• Join your peers at SSTI's 2024 Annual Conference!

    Join us December 10-12 in Arizona to connect with and learn from your peers working around the country to strengthen their regional innovation economies. Visit ssticonference.org for more information and to register today.

  • Become an SSTI Member

    As the most comprehensive resource available for those involved in technology-based economic development, SSTI offers the services that are needed to help build tech-based economies.  Learn more about membership...

  • Subscribe to the SSTI Weekly Digest

    Each week, the SSTI Weekly Digest delivers the latest breaking news and expert analysis of critical issues affecting the tech-based economic development community. Subscribe today!

Report Focuses on Evaluating R&D

May 17, 2004

A new report from the Advanced Technology Program (ATP), A Toolkit for Evaluating Public R&D Investment, provides useful information to anyone interested in evaluating publicly-sponsored research and development (R&D) programs. While the report focuses on more than 40 evaluations that have been performed for ATP, it offers one of the most comprehensive and understandable overviews of evaluation methods and applying those approaches.

In one section, the authors provide a general framework for evaluation, discussing evaluation fundamentals, including the objectives and steps of evaluation, and choosing various methods of evaluation. The advantages and disadvantages of a variety of approaches, including surveys, case studies, bibliometrics, historical tracing and expert judgment, are described.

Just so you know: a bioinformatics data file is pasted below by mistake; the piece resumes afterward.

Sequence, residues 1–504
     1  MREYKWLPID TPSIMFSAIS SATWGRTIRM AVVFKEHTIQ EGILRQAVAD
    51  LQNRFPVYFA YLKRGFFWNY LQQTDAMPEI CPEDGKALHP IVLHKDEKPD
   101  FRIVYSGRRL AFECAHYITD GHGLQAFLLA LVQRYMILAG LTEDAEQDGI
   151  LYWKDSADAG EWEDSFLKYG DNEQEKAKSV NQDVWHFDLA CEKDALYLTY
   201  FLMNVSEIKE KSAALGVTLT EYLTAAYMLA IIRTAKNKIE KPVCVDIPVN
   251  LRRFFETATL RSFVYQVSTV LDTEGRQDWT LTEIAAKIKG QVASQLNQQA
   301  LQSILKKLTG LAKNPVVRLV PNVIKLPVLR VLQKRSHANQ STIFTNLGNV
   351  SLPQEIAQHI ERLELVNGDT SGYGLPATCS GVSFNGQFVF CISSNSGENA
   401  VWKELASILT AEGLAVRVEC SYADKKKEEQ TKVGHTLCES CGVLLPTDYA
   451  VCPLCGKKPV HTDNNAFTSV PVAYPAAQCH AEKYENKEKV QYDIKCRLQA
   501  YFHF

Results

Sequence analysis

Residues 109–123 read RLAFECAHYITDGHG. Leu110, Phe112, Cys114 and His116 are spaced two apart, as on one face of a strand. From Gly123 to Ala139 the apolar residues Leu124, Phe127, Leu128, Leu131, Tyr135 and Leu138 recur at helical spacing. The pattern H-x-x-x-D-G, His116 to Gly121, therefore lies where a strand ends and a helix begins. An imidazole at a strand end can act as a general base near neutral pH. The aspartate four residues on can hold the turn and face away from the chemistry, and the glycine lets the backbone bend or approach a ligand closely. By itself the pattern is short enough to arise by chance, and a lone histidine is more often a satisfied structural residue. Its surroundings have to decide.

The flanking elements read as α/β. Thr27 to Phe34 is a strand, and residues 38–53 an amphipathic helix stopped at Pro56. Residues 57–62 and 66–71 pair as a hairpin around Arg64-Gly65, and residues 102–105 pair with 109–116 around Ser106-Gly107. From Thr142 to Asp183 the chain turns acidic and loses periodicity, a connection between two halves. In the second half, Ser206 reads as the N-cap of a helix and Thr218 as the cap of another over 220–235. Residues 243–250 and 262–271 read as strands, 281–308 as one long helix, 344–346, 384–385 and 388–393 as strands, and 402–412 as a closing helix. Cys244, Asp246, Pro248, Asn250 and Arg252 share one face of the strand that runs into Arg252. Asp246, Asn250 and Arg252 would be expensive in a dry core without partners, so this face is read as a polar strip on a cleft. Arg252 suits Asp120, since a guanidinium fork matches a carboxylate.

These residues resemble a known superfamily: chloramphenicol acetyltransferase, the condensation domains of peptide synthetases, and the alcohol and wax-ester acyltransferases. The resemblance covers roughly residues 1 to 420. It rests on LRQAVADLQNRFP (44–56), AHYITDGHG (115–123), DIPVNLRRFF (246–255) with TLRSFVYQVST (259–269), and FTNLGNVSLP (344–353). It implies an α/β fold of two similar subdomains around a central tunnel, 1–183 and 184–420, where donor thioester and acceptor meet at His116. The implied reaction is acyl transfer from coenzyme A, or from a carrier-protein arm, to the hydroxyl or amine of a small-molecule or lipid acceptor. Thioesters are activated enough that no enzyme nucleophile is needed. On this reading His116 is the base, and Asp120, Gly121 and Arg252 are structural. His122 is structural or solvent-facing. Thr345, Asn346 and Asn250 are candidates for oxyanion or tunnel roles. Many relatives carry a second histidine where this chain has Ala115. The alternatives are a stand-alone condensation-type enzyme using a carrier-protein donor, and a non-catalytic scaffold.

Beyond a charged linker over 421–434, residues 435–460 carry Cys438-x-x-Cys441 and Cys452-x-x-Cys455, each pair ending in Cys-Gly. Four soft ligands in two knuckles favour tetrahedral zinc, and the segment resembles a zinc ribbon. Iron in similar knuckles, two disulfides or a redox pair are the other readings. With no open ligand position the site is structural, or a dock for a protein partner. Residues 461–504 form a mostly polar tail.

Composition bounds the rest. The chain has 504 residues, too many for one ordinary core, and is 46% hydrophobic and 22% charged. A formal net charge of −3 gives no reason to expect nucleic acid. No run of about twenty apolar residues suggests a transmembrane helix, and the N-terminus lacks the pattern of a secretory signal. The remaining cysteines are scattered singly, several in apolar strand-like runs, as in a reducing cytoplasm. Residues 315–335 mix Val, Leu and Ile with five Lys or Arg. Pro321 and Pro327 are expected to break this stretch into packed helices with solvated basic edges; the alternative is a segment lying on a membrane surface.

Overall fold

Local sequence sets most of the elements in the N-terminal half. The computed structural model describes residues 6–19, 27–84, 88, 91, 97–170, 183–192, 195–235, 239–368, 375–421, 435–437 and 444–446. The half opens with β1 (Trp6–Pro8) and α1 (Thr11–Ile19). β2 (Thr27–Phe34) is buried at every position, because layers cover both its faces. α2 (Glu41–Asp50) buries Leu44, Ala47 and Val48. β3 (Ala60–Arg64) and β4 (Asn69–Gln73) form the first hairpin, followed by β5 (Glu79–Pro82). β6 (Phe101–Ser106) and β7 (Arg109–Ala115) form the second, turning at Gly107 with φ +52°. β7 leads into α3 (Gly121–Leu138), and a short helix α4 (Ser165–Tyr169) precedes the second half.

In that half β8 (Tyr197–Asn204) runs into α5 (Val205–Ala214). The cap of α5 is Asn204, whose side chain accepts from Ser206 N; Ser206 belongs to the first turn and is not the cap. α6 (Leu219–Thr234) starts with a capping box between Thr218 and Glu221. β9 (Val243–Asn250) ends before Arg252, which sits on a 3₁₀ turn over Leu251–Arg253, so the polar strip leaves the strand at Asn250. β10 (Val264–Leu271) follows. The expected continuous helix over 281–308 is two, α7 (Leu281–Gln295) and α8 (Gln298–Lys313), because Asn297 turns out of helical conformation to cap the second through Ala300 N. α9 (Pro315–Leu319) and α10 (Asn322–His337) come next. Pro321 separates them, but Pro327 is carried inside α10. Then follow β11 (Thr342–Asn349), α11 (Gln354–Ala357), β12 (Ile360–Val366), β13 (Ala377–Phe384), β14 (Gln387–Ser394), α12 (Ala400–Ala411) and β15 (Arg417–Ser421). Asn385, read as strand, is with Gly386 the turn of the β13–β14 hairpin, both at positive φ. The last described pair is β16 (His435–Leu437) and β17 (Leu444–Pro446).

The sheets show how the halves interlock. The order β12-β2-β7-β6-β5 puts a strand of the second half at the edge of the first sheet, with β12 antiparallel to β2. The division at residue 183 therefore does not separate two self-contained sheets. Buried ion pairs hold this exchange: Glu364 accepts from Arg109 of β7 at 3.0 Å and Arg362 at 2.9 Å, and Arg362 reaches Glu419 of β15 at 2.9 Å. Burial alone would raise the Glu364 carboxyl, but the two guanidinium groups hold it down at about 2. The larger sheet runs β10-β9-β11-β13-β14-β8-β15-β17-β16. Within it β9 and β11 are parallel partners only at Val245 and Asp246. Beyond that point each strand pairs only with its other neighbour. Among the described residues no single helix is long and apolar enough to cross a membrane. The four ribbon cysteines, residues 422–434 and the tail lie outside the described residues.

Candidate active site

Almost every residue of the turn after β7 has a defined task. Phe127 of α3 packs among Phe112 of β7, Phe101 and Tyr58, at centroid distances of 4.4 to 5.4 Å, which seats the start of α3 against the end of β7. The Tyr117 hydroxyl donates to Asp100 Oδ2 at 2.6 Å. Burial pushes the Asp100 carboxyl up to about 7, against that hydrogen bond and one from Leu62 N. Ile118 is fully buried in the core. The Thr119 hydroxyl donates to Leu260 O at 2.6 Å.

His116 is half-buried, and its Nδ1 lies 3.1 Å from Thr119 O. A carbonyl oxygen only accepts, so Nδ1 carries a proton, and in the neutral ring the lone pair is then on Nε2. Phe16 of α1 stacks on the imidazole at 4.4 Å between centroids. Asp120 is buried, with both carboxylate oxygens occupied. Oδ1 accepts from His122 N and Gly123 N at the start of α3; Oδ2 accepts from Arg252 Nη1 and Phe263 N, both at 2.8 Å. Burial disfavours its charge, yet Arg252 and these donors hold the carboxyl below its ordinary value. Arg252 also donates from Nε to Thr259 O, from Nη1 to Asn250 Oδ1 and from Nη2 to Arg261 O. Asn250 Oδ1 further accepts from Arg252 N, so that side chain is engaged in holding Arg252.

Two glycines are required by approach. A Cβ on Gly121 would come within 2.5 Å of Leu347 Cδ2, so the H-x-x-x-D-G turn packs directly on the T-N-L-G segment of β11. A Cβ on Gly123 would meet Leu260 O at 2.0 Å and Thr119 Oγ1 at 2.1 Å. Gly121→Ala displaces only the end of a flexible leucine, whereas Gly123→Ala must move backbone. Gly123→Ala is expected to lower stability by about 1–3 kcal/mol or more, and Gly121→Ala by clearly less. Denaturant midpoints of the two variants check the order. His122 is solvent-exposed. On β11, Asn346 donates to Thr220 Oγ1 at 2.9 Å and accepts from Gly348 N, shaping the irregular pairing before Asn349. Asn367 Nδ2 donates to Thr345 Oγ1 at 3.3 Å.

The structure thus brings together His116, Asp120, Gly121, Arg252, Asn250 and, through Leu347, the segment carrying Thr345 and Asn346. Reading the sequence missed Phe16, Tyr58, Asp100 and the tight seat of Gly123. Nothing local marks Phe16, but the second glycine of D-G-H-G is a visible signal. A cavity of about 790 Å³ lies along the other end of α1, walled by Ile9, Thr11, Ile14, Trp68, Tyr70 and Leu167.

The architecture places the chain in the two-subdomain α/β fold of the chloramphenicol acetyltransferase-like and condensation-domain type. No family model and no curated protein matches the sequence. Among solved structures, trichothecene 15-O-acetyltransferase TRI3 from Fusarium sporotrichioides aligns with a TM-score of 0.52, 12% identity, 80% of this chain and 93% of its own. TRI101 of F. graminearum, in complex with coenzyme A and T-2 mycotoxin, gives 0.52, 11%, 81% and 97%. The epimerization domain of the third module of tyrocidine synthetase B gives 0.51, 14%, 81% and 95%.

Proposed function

The bulk of the report is focused on how the evaluation methods have been applied to ATP, drawing on various studies commissioned by ATP between 1990-2000. Technology-based economic development practitioners will be able to use this section to consider how ATP's experience may be applied to their programs.

The final section centers around the results of ATP in five major themes: firm or industry effects, collaboration effects, spillover effects, interfaces and comparisons with other programs, and measures of overall performance. Prospective case studies show the benefits of the program far exceed the costs, the authors note. The National Research Council concludes that ATP is effectively meeting its legislative goals. According to the case studies, approximately 16 percent of completed ATP-funded projects showed strong progress toward creating and disseminating knowledge and commercializing projects and processes, and 26 percent showed substantial progress.

The report concludes with recommendations for future directions in evaluation.

Established in 1988, ATP is part of the National Institute of Standards and Technology and uses project selection and funding processes to bring together private, nonprofit and public sector organizations to advance the development and commercialization of new technologies. The full report is available at: http://www.atp.nist.gov/eao/gcr03-857/contents.htm